People around the world seem to have an obsession with bacon; in fact you can find it hiding in all sorts of products, even brownies and birthday cake. Despite warnings that too much can be bad for our health, some researchers argue bacon is getting a bad rap.
Meat lovers say it is one of the most intoxicating scents in the world; that it makes their mouth water just thinking about bacon sizzling in a pan. We don’t really have to imagine the strips of fat pork because they are everywhere…in salads, soups, mashed potatoes, burgers, pizza, dips, and even in desserts. You’ve likely heard of the sweet/salty craze, but have you tried a slice of chocolate bacon cake yet or a maple bacon donut? Maybe you’d prefer bacon s’mores. It turns out Americans enjoy these desserts regularly.
It all sounds like junk food, and the medical community has told us for years that the consumption of junk food can lead to obesity, increased risk of high blood pressure, and a long list of other health problems. Doctors warn that junk food is packed with sodium, as a preservative, and that freshly prepared foods are a good health alternative. Still, there are some consumers who just can’t give up their bacon. Some estimates of bacon consumption in the United States are as high as 1.7 billion pounds per year.
A recent Harvard study has linked 2 slices of bacon daily to a 20 per cent increased risk of death. The study looked at all red meats and observed the health of over 37 thousand men for a 22 year period and over 83 thousand women for a 28 year period. They documented health problems including cardiovascular issues and cancer. Family history and other disease risk factors were taken into consideration when compiling the data. The authors of this study say other research projects have shown that red meat, and in particular processed meat, is associated with chronic disease due to ingredients like sodium, saturated fat and nitrates.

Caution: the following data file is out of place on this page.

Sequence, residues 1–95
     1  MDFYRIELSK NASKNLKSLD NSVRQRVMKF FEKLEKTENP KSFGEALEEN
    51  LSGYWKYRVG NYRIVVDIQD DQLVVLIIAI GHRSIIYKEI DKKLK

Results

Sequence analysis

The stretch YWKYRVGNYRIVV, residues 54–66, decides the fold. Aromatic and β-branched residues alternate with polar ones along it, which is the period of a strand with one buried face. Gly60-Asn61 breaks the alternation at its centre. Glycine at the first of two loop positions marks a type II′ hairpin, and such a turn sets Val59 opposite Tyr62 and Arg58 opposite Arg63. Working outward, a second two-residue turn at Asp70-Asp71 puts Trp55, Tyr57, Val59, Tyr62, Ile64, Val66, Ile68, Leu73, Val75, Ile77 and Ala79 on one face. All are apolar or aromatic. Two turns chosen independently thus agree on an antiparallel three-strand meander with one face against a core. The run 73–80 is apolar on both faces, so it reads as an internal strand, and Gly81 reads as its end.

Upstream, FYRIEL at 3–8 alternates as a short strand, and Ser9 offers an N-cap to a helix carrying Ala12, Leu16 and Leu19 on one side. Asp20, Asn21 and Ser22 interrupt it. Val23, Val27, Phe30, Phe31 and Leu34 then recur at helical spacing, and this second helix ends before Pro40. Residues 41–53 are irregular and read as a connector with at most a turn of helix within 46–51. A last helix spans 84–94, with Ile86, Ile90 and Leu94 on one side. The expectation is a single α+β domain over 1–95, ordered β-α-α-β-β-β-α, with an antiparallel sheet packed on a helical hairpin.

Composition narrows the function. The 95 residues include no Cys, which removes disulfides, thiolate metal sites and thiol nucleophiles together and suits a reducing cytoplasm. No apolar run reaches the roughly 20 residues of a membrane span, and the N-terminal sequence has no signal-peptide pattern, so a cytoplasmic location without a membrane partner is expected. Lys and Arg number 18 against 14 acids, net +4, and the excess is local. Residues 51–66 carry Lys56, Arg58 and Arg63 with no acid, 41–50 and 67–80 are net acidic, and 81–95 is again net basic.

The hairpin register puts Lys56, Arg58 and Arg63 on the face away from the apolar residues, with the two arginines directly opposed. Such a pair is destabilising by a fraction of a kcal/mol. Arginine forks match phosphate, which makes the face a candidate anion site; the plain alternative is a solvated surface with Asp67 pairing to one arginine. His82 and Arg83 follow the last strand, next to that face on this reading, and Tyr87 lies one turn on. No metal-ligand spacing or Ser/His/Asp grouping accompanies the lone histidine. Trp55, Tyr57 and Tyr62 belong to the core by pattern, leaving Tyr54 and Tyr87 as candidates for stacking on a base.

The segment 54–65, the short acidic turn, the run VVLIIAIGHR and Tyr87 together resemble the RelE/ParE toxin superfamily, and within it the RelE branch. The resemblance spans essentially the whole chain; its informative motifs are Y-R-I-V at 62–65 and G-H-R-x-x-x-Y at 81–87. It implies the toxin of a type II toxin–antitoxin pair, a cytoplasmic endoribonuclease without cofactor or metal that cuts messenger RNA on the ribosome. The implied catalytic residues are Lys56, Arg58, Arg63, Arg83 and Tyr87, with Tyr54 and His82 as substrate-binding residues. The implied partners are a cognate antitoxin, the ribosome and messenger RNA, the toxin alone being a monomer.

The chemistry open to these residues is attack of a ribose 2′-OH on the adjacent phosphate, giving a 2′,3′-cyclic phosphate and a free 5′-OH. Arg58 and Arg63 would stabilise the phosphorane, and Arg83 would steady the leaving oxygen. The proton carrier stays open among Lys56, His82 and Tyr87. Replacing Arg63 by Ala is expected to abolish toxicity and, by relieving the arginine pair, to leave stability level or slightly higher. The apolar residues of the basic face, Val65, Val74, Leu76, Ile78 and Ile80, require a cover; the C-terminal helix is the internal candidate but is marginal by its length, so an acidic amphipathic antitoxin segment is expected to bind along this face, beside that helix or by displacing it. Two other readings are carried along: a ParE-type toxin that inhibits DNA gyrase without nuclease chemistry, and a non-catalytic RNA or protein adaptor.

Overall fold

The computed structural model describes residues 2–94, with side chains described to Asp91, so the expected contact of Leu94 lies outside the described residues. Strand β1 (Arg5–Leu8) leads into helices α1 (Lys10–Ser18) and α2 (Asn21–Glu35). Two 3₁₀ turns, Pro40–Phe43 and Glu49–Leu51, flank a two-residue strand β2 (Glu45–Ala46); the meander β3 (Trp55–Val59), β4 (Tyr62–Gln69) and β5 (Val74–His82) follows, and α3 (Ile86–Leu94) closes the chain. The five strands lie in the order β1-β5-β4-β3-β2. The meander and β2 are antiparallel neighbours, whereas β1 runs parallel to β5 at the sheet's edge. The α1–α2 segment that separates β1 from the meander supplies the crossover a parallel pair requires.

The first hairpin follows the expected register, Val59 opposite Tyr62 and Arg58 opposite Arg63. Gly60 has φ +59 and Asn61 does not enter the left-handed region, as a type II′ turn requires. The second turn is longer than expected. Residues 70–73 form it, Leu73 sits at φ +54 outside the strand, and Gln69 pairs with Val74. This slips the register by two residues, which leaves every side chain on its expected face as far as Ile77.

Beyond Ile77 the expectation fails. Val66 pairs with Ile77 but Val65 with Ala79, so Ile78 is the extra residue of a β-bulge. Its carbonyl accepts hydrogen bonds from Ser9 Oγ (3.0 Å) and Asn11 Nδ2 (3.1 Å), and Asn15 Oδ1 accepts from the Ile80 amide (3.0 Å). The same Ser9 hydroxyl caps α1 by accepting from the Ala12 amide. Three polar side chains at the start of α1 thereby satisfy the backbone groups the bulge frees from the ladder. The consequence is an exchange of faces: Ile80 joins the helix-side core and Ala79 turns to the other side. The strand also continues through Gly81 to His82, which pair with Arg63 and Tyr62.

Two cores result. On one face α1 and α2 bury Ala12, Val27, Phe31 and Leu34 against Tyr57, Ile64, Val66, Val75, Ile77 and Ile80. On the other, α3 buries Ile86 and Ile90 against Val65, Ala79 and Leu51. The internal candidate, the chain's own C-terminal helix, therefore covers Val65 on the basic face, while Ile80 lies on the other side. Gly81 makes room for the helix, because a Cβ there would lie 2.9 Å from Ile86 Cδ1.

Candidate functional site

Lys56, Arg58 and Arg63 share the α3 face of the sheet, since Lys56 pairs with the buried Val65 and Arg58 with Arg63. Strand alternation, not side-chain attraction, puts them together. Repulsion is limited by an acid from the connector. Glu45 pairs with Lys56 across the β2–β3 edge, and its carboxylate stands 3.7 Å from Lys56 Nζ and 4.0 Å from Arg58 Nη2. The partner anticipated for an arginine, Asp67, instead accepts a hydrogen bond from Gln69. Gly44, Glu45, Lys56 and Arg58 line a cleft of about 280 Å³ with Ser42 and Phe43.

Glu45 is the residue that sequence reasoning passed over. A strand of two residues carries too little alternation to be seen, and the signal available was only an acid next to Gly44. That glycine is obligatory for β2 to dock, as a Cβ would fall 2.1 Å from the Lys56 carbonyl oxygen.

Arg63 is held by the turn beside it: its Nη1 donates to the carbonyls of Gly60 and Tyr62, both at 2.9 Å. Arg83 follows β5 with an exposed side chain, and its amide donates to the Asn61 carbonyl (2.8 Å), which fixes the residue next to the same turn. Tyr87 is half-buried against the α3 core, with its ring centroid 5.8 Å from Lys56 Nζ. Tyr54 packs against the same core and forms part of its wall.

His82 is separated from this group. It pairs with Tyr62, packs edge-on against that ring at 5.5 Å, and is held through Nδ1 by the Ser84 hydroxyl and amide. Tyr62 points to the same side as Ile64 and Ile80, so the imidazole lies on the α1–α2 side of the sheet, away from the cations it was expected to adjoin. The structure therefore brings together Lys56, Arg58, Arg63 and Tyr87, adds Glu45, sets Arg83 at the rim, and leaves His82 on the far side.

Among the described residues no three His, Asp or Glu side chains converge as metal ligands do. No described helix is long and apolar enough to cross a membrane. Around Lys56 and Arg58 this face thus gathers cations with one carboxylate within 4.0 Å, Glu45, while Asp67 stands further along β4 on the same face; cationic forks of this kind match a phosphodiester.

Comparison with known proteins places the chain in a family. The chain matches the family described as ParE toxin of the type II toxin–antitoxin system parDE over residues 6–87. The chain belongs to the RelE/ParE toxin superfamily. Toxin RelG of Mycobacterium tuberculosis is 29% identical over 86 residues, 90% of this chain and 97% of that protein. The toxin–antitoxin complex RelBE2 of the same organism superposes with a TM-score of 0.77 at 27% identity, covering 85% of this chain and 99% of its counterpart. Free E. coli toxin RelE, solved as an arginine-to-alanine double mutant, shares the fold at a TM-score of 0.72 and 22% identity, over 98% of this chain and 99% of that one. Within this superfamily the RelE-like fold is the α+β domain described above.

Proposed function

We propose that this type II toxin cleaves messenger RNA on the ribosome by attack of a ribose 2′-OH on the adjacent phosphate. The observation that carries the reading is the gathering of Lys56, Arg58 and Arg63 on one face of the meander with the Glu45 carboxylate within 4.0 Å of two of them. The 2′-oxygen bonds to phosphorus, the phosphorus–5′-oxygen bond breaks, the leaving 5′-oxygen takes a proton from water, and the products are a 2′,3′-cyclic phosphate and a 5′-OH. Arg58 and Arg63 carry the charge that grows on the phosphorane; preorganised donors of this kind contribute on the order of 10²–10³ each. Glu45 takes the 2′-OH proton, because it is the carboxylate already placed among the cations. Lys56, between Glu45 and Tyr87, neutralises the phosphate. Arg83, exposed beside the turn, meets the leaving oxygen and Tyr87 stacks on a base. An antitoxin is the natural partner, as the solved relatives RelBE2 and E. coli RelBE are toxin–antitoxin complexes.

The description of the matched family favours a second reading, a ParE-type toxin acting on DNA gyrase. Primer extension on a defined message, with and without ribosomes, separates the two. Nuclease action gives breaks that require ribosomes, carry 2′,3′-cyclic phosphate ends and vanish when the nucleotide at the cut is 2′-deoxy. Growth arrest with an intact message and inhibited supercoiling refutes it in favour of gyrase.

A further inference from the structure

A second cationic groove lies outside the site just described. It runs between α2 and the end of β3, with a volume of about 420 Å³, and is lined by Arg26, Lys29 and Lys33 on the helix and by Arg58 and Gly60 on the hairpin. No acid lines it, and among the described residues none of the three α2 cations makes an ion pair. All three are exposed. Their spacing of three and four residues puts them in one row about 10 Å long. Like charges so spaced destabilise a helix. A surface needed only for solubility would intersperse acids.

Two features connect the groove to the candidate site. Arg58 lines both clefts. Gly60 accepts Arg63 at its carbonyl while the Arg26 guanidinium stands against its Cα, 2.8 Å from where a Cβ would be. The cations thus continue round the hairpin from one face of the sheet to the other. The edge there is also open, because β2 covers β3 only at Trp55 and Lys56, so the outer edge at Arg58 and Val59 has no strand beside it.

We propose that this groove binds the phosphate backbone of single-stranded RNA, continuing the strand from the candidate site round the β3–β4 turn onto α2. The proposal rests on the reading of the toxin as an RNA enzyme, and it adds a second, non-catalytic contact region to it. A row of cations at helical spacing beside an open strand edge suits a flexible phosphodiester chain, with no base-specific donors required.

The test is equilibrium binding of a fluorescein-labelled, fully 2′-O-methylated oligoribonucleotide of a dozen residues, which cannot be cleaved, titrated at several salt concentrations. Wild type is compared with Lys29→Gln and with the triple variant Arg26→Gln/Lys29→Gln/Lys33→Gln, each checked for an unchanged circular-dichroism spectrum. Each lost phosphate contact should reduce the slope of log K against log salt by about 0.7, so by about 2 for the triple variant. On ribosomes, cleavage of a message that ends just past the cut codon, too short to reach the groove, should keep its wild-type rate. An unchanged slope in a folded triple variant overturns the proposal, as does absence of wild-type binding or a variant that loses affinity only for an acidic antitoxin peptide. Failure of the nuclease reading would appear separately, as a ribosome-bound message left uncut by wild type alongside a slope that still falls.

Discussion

There is research that suggests nitrates, which are used to give bacon its bright red color and to prevent bacterial growth in the meat, can damage your blood vessels. This can lead to hardening of the arteries and of course heart disease. Some nutritional scientists say that you would have to be a huge consumer of processed meat in order to be affected by the nitrates.
Dietary experts at St. George Hospital in London are defending bacon. They say when eaten in moderation bacon is not really that bad. They argue that there is no real evidence that eating processed meat once or twice a week is harmful to your health.
Pork, contains, B6, B12, iron, magnesium, potassium, zinc, and is high in protein. Food scientists say the key is to find low fat or lean cuts. The other good health tip is not to overcook your bacon or any other processed meat. Pork contains something called haem iron and when you blacken the meat, studies show the charred iron can turn into a carcinogen. Carcinogens are linked to cancer. One of the biggest stories to hit newsstands about bacon this past year was that it could increase the risk of pancreatic cancer. Swedish researchers announced in January that eating 2 slices of bacon or one sausage every day could potentially increase your risk of pancreatic cancer by 19 per cent. Again, St. George Hospital staff are shouting “everything in moderation”.
It is no secret that we all have to be careful about sodium and fat intake, but uncured meat is an option and we all have the ability to control portion. Most food experts don’t tell people to eliminate bacon from their diet, just modify intake when bacon seems to be in every item on the menu.